From: John Torjo (john.lists_at_[hidden])
Date: 2004-08-25 05:08:21
>>>I am very interested in this and would like very much to see how you
>>>will do this at design time. In particular I am interested in how
>>>event handlers can be set at design time. All without C++ reflection
>>>of course and using strictly the C++ standard, since you are
>>>confident that this can be done. My
>>You can emulate "design time". This is what both C++ Builder/ .Net do.
>>You set an event at design time, but behind the scenes, a new event
>>handler is created.
>That is true, but there is the ability to create properties and event
>handlers before the program is running in a visual design time environment.
>That is why I believe one needs reflection in C++ in order to do this. While
>you are right that the design time environment is able to write code in
>files in order to create the handler, which the programmer will then fill in
>himself with whatever functionality he chooses, there is more to it. The
Yup, you are right. Here's what I'll do (of course, in about 3-4 months :D)
At run-time, you can register your own "design-time properties" (in
addition to the predefined ones). So, all you need to do, in order for
your properties to be known to the UI designer, is to run your program
once. That's it!
>design time environment must also hook the event handler to the event when
>the objects encapsulating the event and the event handler are created at
>run-time. In C++ Builder this is done by actually writing strings to a
that is not complicated. See how win32gui handles events now, and also,
stay tuned for the CUJ November issue ;)
>resource file, which afterward gets read in at run-time and, through
>reflection implemented as an extension to C++, the event handler and the
>event source are hooked together. In .NET, whose inner workings I understand
No need - again, see how win32gui handles events right now.
>I know much can be done through boilerplate code, so it is possible that all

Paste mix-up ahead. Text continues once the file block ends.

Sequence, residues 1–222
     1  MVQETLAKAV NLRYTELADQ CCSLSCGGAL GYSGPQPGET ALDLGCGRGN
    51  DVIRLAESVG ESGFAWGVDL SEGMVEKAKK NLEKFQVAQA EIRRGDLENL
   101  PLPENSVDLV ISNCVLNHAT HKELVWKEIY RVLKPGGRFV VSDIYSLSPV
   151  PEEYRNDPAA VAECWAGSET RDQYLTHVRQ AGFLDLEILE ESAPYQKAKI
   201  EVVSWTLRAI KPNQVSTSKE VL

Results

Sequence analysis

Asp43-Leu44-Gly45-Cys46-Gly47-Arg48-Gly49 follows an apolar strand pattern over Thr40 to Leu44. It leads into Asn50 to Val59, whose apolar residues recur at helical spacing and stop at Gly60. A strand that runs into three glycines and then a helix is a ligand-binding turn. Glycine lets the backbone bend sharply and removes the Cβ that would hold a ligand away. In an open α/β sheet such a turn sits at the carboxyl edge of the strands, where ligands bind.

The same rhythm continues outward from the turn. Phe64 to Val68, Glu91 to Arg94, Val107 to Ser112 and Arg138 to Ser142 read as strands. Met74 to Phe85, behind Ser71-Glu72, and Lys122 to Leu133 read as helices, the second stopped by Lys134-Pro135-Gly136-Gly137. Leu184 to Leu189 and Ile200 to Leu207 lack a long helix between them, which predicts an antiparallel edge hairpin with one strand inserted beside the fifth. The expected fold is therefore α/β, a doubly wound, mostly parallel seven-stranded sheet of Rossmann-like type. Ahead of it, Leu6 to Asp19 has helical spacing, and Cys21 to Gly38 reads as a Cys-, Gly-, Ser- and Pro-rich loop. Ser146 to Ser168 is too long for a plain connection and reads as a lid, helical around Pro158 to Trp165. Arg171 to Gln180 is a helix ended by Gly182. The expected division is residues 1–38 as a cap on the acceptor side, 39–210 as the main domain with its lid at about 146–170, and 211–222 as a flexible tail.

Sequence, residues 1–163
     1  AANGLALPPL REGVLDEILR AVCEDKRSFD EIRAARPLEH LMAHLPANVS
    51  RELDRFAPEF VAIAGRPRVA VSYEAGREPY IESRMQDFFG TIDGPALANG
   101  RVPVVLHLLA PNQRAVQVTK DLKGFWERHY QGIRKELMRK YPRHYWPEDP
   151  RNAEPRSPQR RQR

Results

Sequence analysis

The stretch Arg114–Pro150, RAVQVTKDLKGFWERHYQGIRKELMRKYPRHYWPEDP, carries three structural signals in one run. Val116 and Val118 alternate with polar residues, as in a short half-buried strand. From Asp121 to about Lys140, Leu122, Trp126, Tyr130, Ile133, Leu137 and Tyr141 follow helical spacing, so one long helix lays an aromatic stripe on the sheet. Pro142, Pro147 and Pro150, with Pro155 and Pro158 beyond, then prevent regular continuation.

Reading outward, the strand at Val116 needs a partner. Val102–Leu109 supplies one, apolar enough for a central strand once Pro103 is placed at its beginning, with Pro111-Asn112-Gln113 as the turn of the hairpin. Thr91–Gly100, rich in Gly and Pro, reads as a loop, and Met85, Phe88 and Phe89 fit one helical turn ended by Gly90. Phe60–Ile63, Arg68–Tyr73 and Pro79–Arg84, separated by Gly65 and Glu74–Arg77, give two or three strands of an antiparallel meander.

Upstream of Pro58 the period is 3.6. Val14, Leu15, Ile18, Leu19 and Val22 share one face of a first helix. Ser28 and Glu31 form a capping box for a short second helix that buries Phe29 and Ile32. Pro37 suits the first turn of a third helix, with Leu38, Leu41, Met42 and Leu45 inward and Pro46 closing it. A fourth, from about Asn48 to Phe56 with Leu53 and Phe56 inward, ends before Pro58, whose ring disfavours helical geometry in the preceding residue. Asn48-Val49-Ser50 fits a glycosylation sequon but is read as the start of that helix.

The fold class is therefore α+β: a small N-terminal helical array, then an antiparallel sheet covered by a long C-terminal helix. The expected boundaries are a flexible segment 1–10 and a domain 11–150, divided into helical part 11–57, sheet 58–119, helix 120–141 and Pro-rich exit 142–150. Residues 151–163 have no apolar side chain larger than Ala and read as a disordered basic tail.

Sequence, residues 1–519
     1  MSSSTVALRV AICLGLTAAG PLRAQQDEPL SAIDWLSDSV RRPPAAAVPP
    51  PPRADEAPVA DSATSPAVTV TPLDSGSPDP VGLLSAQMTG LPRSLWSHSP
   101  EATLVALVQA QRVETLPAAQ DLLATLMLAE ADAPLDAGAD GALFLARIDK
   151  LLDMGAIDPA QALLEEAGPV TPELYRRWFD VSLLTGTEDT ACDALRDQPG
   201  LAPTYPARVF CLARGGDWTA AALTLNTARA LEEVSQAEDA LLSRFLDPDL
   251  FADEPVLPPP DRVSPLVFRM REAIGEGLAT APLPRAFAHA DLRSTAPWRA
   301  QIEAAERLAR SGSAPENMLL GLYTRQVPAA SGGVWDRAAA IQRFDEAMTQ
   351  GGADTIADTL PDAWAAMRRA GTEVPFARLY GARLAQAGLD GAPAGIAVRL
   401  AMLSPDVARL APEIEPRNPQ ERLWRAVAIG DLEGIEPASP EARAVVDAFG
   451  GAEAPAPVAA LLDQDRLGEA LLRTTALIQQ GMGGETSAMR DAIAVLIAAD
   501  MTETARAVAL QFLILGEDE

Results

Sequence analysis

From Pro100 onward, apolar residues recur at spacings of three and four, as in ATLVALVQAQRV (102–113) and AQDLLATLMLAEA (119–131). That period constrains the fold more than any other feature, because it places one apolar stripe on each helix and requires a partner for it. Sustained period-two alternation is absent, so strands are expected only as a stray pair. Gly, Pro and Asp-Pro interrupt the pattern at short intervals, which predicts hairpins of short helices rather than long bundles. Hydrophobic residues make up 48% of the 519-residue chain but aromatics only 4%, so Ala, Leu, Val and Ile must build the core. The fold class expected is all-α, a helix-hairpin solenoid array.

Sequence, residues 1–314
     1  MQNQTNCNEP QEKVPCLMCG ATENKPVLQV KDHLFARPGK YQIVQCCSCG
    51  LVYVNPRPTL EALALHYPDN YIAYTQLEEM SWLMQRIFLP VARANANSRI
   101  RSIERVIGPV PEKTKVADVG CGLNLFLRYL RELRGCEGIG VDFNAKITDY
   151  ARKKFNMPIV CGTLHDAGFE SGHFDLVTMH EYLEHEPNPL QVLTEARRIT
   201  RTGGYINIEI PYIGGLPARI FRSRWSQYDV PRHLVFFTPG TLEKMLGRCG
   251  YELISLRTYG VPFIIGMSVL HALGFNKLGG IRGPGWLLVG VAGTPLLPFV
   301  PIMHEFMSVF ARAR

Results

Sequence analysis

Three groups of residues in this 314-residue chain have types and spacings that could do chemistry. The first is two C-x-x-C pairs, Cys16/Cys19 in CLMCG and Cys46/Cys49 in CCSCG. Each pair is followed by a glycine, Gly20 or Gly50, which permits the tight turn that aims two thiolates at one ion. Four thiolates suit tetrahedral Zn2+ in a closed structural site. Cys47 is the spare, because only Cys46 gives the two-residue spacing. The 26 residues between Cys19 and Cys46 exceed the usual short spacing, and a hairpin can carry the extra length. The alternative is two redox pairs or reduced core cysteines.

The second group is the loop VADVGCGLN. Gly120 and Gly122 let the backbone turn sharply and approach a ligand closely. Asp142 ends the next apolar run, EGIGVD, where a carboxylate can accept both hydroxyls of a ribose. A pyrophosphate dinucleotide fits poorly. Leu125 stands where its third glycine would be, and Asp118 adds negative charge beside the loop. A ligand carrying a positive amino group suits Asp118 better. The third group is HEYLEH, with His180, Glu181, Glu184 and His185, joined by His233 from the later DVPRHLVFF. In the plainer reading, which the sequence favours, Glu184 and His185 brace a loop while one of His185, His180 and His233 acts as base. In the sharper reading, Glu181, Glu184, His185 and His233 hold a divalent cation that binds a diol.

>the code to do this could be done by a design-time environment which creates
>enough code to make this automatically work at run-time. But even in this
No, no need for that. Besides, I hate boilerplate code - maintenance
>>Now, you can easily set event handlers at compile time. It'll get even
>>better (look out for CUJ November issue ;)).
>I understand this possibility and applaud your work, but it still is not
>design time programming ( yet ).
I'll be - pretty soon ;)
>>>view of event handlers is that any "component" ( see below ) within
>>>such a system should be capable of handling any event generated by
>>>any other component; which is true of both C++ Builder and Managed
>>I don't think you'd want any component to catch events generated by
>>any other component.
>>What I think you'd like is: handle on a dialog, any notification
>>coming from its controls. If the dialog does not/cannot handle this
>>notification, propagate it up the chain (dialog's parent, grand
>I heavily disagree with this model. That's MFC/OWL and I would guess plenty
>of other GUI environments, and it is old. There is no reason why any
>component shouldn't be able to hook events.
Please explain "hook events".
>>This is how win32gui handles events right now.
>>And I think this is how C++ Builder/.net handles events as well.
>You are completely wrong on this last point. Any C++ Builder component can
>hook an event ( called a __closure ). Any .NET component can hook an event
Do you mean "respond to an event"?
>( called a delegate ). I am not trying to put down what seems to be your
>excellent work in any way, but you are conceptually following a model for
>event generation/event handling which has been superceded IMHO. If you like
>that model, fine. But I want to point out to you that a much better model,
>and much more in the spirit of C++, is to allow any functor to handle an
>event. And of course boost::signal<> is built around this idea. If your
>events are multi-casting, which I am sure they must be, there is no reason
>putting limitations on who can handle them unless you are using a means of
>event generation which is in itself restrictive in what it can do. All you
>end up doing is making programmers who want to use your GUI angry that they
>must find workarounds for event handling for many cases for which you
>haven't yet conceived.
I could really use some examples here ;) Because I really can't think of
any. Maybe we are mis-reading eachother ;)
-- John Torjo Freelancer -- john_at_[hidden] Contributing editor, C/C++ Users Journal -- "Win32 GUI Generics" -- generics & GUI do mix, after all -- http://www.torjo.com/win32gui/ -- v1.3beta released - check out splitter/simple_viewer, a File Explorer/Viewer all in about 200 lines of code! Professional Logging Solution for FREE -- http://www.torjo.com/code/logging.zip (logging - C++) -- http://www.torjo.com/logview/ (viewing/filtering - Win32) -- http://www.torjo.com/logbreak/ (debugging - Win32)
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